1.             This is an appeal and counter-appeal against the judgment of the Tel Aviv-Jaffa District Court (Judge Bracha Ofir-Tom) of May 31, 2005 in ITA 1068/00, in which the appellant’s appeal regarding its income tax assessment for the years 1992-1996 was partially allowed. The appeals are based on the appellant’s claim that the sums of money that it transferred to its agents outside Israel were expended to generate its income and the respondent must allow them to be deducted as expenses; the respondent argues, inter alia, that some of the expenses were illegal, in that they were for bribe payments.

Background

2.             (1) The appellant, Hydrola Ltd., engaged in various business activities in the states of the Former Soviet Union, primarily Russia; these activities included the sale of medical equipment and food products. Inter alia, the appellant was active there throughout the 1990s, after the Soviet Union was dismantled in 1991. Those were years of crisis and dramatic change in those states, due to the change of the political and economic regime; this historical background, it is claimed, is very relevant to our case and to the appellant’s mode of operation there.

(2) The appellant conducted its business through dealings with local agents; the nature of these dealings is described in the appellant’s statements of appeal and appendices, and in the testimony of the witnesses for the appellant, including the agents themselves, in the District Court. The appellant transferred significant sums of money to the agents, which were used both to pay the salaries of the agents themselves and for other purposes, including the transfer of sums of money to local bodies in order to promote the success of the deals, the exact significance of which we will address below. Due to the economic situation and the state of the banking system in the former Soviet states, so it is claimed, the agents opened bank accounts in Israeli banks in Israel, and some of them also gave the appellant’s managers powers of attorney to act as they saw fit. The payments designated for those agents were transferred to those accounts.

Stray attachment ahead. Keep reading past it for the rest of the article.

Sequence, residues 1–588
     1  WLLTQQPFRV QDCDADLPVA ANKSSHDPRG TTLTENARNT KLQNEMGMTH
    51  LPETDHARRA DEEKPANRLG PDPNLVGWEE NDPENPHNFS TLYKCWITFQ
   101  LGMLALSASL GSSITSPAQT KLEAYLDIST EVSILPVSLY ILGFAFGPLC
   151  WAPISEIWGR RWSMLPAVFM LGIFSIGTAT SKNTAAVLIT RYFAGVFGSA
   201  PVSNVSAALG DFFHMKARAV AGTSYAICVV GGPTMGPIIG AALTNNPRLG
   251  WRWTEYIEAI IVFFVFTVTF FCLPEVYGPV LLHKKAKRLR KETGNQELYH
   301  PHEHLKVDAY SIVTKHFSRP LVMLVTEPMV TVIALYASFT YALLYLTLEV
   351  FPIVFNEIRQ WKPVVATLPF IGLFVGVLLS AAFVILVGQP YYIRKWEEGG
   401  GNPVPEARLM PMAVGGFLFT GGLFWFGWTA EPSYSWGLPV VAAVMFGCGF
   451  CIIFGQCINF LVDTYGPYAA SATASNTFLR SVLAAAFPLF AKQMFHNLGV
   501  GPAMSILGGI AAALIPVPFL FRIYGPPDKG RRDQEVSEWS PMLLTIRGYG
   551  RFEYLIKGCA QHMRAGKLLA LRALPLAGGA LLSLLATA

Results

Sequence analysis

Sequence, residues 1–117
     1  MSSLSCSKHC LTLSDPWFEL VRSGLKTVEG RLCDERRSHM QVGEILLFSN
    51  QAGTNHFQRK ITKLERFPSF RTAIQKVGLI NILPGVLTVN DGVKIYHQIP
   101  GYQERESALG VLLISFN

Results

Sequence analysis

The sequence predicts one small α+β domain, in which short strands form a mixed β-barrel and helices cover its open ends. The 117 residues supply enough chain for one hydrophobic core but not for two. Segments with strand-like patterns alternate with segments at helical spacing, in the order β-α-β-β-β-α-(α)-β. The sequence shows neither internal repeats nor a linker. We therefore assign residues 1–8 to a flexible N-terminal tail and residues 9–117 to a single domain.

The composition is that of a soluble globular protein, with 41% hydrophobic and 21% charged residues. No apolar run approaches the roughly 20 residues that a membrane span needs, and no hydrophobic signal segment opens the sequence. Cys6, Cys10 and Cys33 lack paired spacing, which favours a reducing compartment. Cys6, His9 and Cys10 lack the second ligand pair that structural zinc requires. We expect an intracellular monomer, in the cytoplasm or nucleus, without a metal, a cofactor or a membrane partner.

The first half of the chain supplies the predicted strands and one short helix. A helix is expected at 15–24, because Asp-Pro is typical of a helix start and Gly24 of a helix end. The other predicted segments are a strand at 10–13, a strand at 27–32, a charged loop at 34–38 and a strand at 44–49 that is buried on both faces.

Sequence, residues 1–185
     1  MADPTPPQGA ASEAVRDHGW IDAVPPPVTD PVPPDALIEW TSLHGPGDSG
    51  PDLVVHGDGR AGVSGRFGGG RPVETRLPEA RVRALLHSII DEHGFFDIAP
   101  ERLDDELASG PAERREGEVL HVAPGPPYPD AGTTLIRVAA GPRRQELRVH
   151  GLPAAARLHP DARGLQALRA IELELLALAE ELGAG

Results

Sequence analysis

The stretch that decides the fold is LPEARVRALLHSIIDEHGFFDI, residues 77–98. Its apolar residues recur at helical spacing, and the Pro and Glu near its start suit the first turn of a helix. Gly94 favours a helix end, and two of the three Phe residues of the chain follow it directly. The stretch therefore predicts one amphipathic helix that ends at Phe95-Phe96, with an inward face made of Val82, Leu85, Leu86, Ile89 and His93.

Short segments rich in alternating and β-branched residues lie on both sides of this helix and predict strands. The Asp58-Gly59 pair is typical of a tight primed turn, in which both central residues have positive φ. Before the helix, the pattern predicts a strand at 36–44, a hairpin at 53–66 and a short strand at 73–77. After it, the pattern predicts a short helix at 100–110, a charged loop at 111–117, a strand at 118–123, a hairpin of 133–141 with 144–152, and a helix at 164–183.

(3) It will be noted, that for some of the payments to the agents, made prior to 1996, the respondent – at the appellant’s request – granted an exemption from deduction of tax at source, in accordance with s. 170 of the Income Tax Ordinance (hereinafter: "the Ordinance"), and we will address this below. The appellant also received permission from the Bank of Israel to send these sums abroad. The turning point came towards the end of 1996, when the respondent made the granting of a requested exemption – relating to a sum of $50,000 designated for one of the agents (Isaac Lipkin) – conditional on the presentation of an invoice for the aforesaid sum and an authorization from the income tax authorities in the agent’s country. The documents were not produced, and the respondent refused to grant the requested exemption. In 1997 it also denied an application for an exemption relating to a commission totaling $140,000 that the appellant was to pay to Cura Consulting Ltd. (hereinafter: "Cura") because the documents requested by the respondent relating to the transaction were not produced, and due to its suspicion that the connection between Cura and the appellant was not a genuine business connection. Following the denial of these exemptions, the appellant did not transfer the aforementioned sums to Lipkin and Cura, and in subsequent years the appellant’s payments to its agents in this manner ceased altogether (at least in 1997-1998 – as shown by the financial statements that the appellant submitted to the respondent).